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## Engineering Mechanics: Statics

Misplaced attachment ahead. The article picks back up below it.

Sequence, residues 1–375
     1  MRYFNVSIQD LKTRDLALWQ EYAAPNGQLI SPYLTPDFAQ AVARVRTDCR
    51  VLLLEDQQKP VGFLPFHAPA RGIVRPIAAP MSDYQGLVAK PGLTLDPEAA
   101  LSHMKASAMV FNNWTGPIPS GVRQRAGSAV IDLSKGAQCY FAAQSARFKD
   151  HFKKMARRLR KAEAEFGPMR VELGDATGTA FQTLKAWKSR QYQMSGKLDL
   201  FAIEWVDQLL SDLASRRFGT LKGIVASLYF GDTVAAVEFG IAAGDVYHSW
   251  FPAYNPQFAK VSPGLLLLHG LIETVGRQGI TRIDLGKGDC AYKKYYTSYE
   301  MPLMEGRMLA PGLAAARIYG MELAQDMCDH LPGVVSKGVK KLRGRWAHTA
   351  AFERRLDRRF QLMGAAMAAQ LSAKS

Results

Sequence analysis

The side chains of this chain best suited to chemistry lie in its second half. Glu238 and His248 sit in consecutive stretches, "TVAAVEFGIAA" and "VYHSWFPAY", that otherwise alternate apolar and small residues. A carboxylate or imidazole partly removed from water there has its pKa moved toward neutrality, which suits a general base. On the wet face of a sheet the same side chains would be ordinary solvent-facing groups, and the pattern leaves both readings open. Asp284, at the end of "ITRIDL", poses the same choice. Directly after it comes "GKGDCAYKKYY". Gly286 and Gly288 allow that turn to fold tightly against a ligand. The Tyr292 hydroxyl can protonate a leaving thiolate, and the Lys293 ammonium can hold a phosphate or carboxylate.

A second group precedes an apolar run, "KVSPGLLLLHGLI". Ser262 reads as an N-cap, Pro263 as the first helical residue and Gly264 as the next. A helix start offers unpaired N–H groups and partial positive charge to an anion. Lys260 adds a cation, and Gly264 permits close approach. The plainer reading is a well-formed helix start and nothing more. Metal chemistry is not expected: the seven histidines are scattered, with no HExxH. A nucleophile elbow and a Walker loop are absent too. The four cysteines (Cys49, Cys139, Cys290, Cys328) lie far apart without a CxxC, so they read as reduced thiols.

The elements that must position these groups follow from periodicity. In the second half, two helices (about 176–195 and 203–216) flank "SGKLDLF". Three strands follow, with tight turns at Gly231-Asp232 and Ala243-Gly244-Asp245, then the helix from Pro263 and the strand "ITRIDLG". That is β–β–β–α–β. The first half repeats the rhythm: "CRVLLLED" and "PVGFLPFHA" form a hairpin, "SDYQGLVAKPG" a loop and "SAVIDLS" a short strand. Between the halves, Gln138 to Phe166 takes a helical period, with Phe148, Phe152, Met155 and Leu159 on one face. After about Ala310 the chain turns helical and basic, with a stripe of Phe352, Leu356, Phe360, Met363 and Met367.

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**Engineering Mechanics: Statics**Chapter 6B: Applications of Friction in Machines**Wedges**Used to produce small position adjustments of a body or to apply large forces When sliding is impending, the resultant force on each surface is inclined from the surface normal by an amount equal to the friction angle. The component of the resultant along the surface is the friction force - direction to oppose the motion of the wedge. Force P required to lift up a large mass m can be obtained from force equilibrium R1 and R2 make an angle f to the surface normal**Wedges**If P is removed and the wedge is sliding out, slippage must occur at both upper and lower surfaces simultaneously Fig (a) – upper surface slips – R2 is of angle f to the inclined surface Fig (c) – lower surface slips – R1 is of angle f to the surface**Wedges**Therefore, the wedge will be self-locking (not sliding out when P is removed) if the wedge angle is in between the two cases or a < 2f-- self-locking condition If the wedge is self-locking and is to be withdrawn, a pull P on the wedge will be required.**Sample Problem 6/6**ms for both pairs of wedge surfaces = 0.30 ms between the block and the horizontal surface = 0.60 Determine the least P to move the block**Screws**Used to fastening and for transmitting power or motion For transmitting power, square thread is more efficient than the V-thread • Consider a square-threaded jack under an axial load W and a moment M, • screw lead = L (advancement per revolution) • mean radius = r • helix angle -- To raise load W = SRcos(a+ f) M = rsin(a+f) SR M = Wr tan(a+ f)**Screws**Conditions for unwinding If M is removed, the friction force changes direction. The screw will be self-locking if a < f. An equivalent force P = M/r must be applied to pull the thread down. For a > f, the moment is required to prevent unwinding. If a < f, M = Wr tan(f - a) If a > f, M = Wr tan(a -f)**Sample Problem 6/7**Screw has a square thread with mean diameter 25 mm and a lead of 5 mm. ms in the threads = 0.2 Apply a 300-N pull at A. This produces a clamping force of 5 kN between the jaws of the vise (a) Find frictional moment MB (b) Find force Q applied normal to the handle at A required to loosen the vise 150 mm 200 mm 250 mm**Journal Bearings**give lateral support to a shaft (not axial) As the shaft begins to turn in the direction shown, it will roll up the inner surface of the bearing until it slips Reaction R (caused by radial load L and torque M) made an angle f to normal SFy = 0; R = L SM = 0; M = Lrf = Lr sin f radius of the ‘friction circle’ For small m, (m= tan f ~ sinf) M = m Lr M = Applied moment to overcome friction**Journal Bearings**• Unwinding the cable from this spool requires overcoming friction from the supporting shaft • FBD of the shaft**Example**A torque M of 1510 N.m is applied to the 50-mm-diameter shaft of the hoisting drum to raise the 500-kg load at constant speed. The drum and shaft together have a mass of 100 kg. Calculate the coefficient of friction m for the bearing.**Sample Problem**The diameter of the bearing for the upper pulley is 20 mm and that for the lower puller is 12 mm. For m = 0.25 for both bearings, calculate T, T1 and T2 if the block is being raised slowly.**Thrust Bearings; Disk Friction**Friction between circular surfaces under distributed normal pressure Pivot bearings, clutch plates, disk brakes 1. New surface p = uniform = P/R2 M = prdA = = 2/3 mPR -- equivalent to moment due to friction force mP acting at 2/3 R from the shaft center • For ring friction disks (ex. collar bearing)**Thrust Bearings; Disk Friction**2. After wearing-in period, further wear is constant over the surface Wear depends on - circumferential distance (proportional to r) - pressure p \rp = K P = pdA = = 2KR M = prdA = = ½ mPR = ¾ times of the new plate For rings, M = ½ mP(Ro + Ri)**Flexible Belts: cable, rope**If friction is neglected, T1 = T2 If friction is consider, M (CW) -- T2 > T1 Equilibrium SFt = 0 mdN = dT SFn = 0 dN = Tdq 1 2 Frictional moment to resist rotation**Flexible Belts: cable, rope**Substitute into T2/T1 = emb b= total angle of belt contact (-- in radians!) If a rope were wrapped around a drum n times: b = 2n radians Can also be used for a noncircular contact where the total angle of contact is b 1 2**Sample Problem 6/9**Let m between the cable and the fixed drum be 0.30 (a) For a = 0, determine the maximum and minimum values which P may have in order not to raise or lower the load (b) for P = 500 N, determine the minimum value of a before the load begins to slip**Sample Problem**Calculate the horizontal force P required to raise the 100-kg load. The coefficient of friction between the rope and the fixed bars is 0.40